Novel fast reverse transcriptase PCR assay for molecular detection of human influenza A (H1N1) virus.
ABSTRACT A novel subtype of influenza A pandemic virus has been recently reported by the Center for Disease Control and Prevention (CDC; Atlanta,GA) and WHO in April 2009 .
JOURNAL OF CLINICAL MICROBIOLOGY, May 2010, p. 1985–1986
Copyright © 2010, American Society for Microbiology. All Rights Reserved.
Vol. 48, No. 5
Novel Fast Reverse Transcriptase PCR Assay for Molecular
Detection of Human Influenza A (H1N1) Virus?
A novel subtype of influenza A pandemic virus, A(H1N1)v,
was recently reported by the Centers for Disease Control and
Prevention (CDC) (Atlanta, GA) and WHO in April 2009 (1).
Infection most commonly results in a mild respiratory tract
infection, but there are reports of severe cases with mortalities
even in patients without chronic diseases (2). Early detection
of infection is important in programs aiming to minimize the
spread of the disease (3). There are only a few validated lab-
oratory diagnostic methods for the diagnosis of the virus
A(H1N1)v; reverse transcriptase PCR (RT-PCR)-based detec-
tion methods are the fastest of these (4).
This communication describes the development of a fast
protocol for a real-time RT-PCR assay for viral detection
(“fast RT-PCR”). Assay performance was then compared with
the results obtained with the standard CDC real-time protocol.
A retrospective study of 228 previously diagnosed samples was
performed. Samples were randomly selected: 155 samples
provided negative results, and 73 provided positive results
for the new pandemic virus. RNA extraction was performed
from nasopharyngeal or oropharyngeal swabs collected with
a synthetic tip and plastic shaft (Virocult) using QIAmp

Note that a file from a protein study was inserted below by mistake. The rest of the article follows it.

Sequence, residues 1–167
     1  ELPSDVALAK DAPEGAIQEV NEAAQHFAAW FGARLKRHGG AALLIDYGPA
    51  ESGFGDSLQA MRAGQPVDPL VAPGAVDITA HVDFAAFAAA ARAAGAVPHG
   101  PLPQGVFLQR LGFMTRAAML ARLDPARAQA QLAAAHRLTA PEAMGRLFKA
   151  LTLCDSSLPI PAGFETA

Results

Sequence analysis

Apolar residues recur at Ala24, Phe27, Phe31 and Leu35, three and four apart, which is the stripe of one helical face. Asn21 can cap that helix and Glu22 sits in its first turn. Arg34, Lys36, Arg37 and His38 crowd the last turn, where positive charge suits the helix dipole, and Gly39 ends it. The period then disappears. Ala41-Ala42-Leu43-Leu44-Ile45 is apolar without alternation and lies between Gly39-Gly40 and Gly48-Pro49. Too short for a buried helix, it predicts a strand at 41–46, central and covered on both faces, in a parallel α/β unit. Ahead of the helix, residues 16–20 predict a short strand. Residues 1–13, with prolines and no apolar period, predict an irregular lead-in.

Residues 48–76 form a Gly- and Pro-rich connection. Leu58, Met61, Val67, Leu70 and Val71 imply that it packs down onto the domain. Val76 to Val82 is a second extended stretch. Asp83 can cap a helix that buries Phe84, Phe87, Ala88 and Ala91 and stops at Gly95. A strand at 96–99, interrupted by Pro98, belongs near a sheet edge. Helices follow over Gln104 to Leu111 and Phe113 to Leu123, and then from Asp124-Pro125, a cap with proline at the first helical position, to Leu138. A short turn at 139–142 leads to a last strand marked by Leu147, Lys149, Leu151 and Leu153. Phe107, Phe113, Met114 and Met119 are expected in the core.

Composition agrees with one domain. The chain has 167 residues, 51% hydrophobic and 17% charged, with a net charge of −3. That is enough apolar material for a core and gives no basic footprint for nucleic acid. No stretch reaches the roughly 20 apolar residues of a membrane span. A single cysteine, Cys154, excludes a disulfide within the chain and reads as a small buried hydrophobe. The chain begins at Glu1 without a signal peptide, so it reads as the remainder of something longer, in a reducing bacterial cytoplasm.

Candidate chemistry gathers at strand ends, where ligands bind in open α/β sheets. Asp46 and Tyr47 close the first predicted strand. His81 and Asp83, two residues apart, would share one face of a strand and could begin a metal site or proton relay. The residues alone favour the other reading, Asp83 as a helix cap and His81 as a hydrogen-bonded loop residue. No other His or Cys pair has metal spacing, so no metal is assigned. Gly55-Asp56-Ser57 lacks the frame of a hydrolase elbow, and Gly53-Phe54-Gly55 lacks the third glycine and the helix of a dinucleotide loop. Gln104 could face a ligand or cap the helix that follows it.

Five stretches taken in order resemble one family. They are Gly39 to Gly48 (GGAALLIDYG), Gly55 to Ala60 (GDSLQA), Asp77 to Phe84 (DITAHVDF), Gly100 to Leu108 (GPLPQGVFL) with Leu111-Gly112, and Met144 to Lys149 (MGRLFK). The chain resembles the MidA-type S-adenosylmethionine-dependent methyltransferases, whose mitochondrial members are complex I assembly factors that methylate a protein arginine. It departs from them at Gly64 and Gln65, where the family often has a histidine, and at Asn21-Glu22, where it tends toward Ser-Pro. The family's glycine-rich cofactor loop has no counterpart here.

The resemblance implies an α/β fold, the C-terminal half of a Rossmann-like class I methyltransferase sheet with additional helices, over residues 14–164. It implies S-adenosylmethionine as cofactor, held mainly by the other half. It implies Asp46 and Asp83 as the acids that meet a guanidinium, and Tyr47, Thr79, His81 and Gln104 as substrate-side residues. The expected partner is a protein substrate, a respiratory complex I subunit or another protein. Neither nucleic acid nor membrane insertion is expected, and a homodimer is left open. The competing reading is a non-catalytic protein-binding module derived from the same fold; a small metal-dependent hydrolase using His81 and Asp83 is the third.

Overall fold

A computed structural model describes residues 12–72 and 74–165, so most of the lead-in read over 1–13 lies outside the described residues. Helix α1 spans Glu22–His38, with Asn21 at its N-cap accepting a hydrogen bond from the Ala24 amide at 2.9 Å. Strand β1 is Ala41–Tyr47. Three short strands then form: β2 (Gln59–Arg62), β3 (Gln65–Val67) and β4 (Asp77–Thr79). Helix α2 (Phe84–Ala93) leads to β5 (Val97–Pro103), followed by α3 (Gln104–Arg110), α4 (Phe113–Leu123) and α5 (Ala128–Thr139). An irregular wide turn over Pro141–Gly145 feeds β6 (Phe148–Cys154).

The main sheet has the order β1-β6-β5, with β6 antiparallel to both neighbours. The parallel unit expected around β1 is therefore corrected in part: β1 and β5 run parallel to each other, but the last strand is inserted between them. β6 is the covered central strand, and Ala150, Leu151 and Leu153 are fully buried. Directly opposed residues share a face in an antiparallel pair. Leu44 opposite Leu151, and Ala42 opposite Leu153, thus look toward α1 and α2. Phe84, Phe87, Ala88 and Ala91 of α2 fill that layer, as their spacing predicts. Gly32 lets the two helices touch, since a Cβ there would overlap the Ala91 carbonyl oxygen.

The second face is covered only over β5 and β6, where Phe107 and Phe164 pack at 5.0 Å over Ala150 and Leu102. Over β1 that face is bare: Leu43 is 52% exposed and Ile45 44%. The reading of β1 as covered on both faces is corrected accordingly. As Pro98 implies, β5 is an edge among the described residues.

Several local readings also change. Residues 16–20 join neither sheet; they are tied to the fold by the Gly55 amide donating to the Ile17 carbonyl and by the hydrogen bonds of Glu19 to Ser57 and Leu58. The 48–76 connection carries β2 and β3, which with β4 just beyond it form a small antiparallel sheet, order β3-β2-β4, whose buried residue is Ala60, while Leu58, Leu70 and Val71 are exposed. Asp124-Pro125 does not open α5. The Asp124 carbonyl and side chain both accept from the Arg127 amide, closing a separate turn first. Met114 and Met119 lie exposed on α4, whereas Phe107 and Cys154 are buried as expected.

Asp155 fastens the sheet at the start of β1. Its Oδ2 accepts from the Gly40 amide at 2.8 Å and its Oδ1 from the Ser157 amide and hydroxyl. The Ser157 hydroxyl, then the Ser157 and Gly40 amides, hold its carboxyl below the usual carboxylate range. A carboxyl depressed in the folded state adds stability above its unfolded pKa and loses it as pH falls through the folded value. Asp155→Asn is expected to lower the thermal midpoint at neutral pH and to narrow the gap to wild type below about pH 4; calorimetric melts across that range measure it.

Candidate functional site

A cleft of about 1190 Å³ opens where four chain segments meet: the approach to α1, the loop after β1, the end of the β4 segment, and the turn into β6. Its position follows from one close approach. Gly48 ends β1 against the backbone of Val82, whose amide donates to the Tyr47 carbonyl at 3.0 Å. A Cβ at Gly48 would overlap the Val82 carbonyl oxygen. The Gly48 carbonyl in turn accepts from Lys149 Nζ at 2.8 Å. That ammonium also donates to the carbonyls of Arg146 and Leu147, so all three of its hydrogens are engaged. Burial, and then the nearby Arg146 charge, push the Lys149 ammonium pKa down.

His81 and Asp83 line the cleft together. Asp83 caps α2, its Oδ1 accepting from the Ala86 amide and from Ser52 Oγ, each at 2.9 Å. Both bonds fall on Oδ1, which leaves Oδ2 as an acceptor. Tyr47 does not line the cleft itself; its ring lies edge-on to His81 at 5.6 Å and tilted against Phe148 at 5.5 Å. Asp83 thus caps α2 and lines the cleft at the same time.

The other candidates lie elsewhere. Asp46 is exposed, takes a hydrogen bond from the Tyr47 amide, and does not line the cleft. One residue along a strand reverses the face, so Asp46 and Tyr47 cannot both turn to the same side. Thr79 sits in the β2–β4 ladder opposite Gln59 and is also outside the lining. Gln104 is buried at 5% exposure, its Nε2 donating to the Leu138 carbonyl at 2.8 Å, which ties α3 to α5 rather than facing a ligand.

virus RNA minikit (Qiagen) and EZ1 virus minikit (Qiagen),
following the manufacturer’s instructions.
In the CDC protocol for real-time PCR amplification and
detection, the InfA primer and probe set is designed for uni-
versal detection of type A influenza viruses, the swInfA primer/
probe set is directed to all swine influenza A viruses, and the
swH1 primer/probe set specifically detects swine H1 influenza.
The fourth primer/probe set targets the human RNase P gene
and serves as an internal control for human nucleic acid (6).
The RT-PCR assays were performed using the AgPath-ID
one-step RT-PCR kit (Applied Biosystems). Briefly, 5 ?l
purified RNA was reverse transcribed and amplified in a
25-?l reaction mixture containing 12.5 ?l of 2? RT-PCR
buffer (Applied Biosystems), 1 ?l of 25? RT-PCR enzyme
mix (Applied Biosystems), 300 nM forward primer, 300 nM
reverse primer, and 75 nM probe (see the CDC protocol for
the primer/probe description ). Fast RT-PCR was per-
formed in a 7500 fast real-time PCR system (Applied Bio-
systems) and analyzed by 7500 software v2.0.1. The thermal
cycling conditions comprised a 10-min RT step at 50°C, a
10-min initial PCR activation step at 95°C, and 45 cycles of
95°C for 3 s and 55°C for 30 s each.
The results for the CDC and fast RT-PCR were in complete